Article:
“A Different Story in the Anthropocene: Brazil’s Post-Colonial Quest for Oil (1930–1975)”

Acker, Antoine | from Multimedia Library Collection:

Acker, Antoine. “A Different Story in the Anthropocene: Brazil’s Post-Colonial Quest for Oil (1930–1975).” Past & Present 249, no. 1 (November 2020): 167–211. doi:10.1093/pastj/gtz069.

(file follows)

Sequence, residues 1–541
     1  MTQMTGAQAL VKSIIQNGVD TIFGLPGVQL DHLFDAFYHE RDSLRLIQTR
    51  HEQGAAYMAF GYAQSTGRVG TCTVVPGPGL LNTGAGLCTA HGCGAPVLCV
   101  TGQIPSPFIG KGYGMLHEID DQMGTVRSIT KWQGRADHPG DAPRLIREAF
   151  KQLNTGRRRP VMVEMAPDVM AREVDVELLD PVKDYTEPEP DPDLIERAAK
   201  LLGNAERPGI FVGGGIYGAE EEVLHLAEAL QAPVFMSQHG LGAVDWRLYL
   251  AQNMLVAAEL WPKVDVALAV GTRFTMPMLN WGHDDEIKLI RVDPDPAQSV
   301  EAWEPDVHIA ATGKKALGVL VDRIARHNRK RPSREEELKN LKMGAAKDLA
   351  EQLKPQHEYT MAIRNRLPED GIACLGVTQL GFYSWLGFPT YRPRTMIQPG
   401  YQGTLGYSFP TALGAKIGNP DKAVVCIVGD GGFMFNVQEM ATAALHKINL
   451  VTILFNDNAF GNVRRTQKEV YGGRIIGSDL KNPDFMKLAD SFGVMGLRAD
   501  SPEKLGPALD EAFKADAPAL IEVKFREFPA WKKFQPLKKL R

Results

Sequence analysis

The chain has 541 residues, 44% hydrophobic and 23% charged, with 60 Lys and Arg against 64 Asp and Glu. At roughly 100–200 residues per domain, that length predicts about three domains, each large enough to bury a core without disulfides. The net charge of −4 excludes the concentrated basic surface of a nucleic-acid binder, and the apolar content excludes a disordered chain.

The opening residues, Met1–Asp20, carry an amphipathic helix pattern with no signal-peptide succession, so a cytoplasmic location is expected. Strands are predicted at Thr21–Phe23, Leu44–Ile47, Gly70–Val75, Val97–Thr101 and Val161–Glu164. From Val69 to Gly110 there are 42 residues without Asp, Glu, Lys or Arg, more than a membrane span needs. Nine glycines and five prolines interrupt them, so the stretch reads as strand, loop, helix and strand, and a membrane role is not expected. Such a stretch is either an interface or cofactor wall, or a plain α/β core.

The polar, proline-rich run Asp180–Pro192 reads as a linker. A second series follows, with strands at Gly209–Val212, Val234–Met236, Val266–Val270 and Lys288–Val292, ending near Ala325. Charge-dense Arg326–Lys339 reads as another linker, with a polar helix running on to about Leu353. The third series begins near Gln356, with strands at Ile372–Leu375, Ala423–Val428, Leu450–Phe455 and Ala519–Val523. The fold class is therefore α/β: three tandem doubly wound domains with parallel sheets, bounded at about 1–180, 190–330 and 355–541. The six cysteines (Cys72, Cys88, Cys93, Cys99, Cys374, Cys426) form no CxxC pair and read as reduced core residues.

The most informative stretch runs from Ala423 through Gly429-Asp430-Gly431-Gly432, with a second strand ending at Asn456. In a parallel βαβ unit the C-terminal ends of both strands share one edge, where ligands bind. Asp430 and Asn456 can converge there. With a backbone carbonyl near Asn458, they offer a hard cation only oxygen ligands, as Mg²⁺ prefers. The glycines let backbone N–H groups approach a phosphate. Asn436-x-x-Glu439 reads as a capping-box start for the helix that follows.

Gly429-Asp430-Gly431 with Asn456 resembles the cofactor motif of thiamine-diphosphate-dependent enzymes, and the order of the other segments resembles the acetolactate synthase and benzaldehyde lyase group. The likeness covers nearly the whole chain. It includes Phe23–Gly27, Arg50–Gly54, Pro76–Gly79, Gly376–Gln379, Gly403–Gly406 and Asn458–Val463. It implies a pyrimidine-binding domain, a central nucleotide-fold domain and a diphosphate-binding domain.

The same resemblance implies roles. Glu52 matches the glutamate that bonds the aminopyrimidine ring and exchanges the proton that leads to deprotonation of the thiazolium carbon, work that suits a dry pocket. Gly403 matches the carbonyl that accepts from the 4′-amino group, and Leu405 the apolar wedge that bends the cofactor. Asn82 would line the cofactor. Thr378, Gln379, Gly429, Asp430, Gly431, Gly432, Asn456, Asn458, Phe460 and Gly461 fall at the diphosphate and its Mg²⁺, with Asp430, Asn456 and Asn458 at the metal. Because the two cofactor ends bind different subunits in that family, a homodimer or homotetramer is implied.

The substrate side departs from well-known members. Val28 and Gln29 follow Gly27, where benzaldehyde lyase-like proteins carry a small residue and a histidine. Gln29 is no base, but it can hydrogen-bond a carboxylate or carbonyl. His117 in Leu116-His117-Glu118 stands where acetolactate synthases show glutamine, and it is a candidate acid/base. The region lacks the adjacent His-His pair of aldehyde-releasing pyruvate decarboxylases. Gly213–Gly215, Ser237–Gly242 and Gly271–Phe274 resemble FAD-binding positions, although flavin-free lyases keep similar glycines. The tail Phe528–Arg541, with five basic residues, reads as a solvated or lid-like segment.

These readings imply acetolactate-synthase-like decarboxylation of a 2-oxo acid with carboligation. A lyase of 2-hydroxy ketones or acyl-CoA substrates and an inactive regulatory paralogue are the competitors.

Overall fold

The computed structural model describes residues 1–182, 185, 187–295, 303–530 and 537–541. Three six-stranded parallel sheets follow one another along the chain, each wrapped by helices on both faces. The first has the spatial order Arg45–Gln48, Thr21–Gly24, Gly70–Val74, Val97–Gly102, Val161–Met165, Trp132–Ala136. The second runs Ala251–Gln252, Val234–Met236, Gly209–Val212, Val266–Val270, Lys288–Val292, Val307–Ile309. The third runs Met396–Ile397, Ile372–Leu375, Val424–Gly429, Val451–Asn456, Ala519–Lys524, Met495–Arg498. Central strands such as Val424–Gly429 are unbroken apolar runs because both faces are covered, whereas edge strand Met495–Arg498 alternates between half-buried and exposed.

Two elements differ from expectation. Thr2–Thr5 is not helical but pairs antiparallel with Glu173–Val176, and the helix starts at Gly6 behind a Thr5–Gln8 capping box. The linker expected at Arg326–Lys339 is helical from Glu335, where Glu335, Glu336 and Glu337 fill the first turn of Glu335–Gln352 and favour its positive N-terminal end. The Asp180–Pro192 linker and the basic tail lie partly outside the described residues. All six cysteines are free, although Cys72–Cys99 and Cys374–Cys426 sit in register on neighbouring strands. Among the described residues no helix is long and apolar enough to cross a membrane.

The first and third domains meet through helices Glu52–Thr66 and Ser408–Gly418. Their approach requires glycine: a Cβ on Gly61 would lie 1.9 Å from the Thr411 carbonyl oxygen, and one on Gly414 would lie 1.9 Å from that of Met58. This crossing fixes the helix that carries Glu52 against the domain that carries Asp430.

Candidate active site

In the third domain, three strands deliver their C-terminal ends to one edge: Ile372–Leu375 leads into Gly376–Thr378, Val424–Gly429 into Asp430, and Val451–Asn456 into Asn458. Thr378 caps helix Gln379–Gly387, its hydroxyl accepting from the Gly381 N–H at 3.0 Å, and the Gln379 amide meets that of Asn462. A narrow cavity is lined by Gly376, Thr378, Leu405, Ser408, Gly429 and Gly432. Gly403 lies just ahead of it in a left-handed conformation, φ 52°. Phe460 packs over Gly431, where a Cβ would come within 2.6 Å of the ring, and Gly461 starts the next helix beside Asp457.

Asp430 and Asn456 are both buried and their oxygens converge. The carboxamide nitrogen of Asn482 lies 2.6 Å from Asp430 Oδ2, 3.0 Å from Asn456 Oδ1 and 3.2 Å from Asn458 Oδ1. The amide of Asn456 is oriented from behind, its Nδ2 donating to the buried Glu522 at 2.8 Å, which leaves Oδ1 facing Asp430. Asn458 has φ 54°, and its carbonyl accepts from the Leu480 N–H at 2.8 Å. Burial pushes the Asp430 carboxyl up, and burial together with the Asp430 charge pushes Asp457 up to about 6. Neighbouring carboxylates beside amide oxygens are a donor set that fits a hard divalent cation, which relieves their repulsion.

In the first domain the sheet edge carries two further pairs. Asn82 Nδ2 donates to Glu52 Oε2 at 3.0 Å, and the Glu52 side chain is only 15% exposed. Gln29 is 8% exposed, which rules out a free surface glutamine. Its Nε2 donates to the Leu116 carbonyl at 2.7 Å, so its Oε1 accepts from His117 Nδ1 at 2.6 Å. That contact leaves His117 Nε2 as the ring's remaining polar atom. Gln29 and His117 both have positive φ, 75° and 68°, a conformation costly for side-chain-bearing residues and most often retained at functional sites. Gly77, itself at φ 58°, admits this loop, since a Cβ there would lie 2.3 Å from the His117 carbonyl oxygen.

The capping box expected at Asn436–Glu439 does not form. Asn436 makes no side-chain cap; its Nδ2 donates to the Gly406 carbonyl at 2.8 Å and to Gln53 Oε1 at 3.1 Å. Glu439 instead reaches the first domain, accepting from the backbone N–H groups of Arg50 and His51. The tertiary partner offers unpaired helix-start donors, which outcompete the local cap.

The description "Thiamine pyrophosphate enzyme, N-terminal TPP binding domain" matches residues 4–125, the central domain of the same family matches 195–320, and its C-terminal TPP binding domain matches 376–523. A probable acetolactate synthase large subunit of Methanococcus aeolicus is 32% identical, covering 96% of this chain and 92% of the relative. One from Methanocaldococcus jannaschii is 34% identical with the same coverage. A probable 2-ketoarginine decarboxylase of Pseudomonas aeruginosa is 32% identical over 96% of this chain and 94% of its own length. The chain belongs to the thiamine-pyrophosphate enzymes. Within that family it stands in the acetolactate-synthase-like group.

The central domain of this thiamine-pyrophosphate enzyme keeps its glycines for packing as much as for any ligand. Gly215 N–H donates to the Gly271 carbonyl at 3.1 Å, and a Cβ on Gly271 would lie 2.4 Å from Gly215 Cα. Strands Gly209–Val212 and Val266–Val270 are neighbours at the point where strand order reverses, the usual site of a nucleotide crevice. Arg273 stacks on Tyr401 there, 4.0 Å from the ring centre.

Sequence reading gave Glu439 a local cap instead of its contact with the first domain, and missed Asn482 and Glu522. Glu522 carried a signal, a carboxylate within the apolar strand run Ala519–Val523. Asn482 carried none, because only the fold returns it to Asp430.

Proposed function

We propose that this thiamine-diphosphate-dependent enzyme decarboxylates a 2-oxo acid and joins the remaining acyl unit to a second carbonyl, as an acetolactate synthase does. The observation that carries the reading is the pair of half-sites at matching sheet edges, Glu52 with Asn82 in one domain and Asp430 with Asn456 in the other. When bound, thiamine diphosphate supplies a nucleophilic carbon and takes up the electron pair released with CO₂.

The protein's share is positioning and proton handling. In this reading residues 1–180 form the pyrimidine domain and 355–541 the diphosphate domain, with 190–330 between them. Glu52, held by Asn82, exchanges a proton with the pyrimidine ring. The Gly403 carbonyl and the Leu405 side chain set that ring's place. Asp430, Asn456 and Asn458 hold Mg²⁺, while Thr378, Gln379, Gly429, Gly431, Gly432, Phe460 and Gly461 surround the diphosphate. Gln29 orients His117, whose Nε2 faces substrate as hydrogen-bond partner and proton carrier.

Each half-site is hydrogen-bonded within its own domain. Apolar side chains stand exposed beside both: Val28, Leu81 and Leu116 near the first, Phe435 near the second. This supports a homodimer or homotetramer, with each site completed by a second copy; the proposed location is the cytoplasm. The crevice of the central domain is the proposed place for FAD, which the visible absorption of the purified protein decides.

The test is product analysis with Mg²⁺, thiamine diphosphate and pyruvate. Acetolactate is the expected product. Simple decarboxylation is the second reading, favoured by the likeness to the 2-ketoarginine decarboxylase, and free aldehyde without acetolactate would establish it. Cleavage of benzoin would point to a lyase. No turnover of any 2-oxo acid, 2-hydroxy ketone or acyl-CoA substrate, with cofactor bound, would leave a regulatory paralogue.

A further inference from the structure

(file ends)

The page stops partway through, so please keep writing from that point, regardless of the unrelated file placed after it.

This article aims to identify new historical causes for the making of the Anthropocene (the rise of humans to a geological force) by addressing Brazil’s transformation into an oil producer and an oil-dependent country between 1930 and 1975. This example allows an escape from the essentialist explanation of the Anthropocene as the result of humans’ insatiable appetite for consumption, commonly rooted in an analysis of Western industrial society, and to focus instead on the notion of freedom in a former colony. Indeed, in the context of nation-building and modernization debates, petroleum appeared to many Brazilians as an opportunity to emancipate the country from its peripheral role as global raw material provider. The rise of petroleum gave a post-colonial sense to the nation-founding myth of Brazil’s exceptional nature, which served as romantic background for a movement towards resource sovereignty embedded into a global anti-imperialist context. In Brazil specifically, oil production became an opportunity for a process of ecological transformation that promised to rid the country of colonial landscapes of exploitation, and even appeared as a solution for stopping the unsustainable destruction of tropical forests. Ultimately, these petro-ideals of emancipation, by positively linking nature and the nation, also hindered fully detecting the scope of the pollution problems that oil was generating. As argued in the article’s conclusion, this example should rekindle the discussion about the unintended link between freedom and geological change in the analysis of Anthropocene causalities. (Article abstract)

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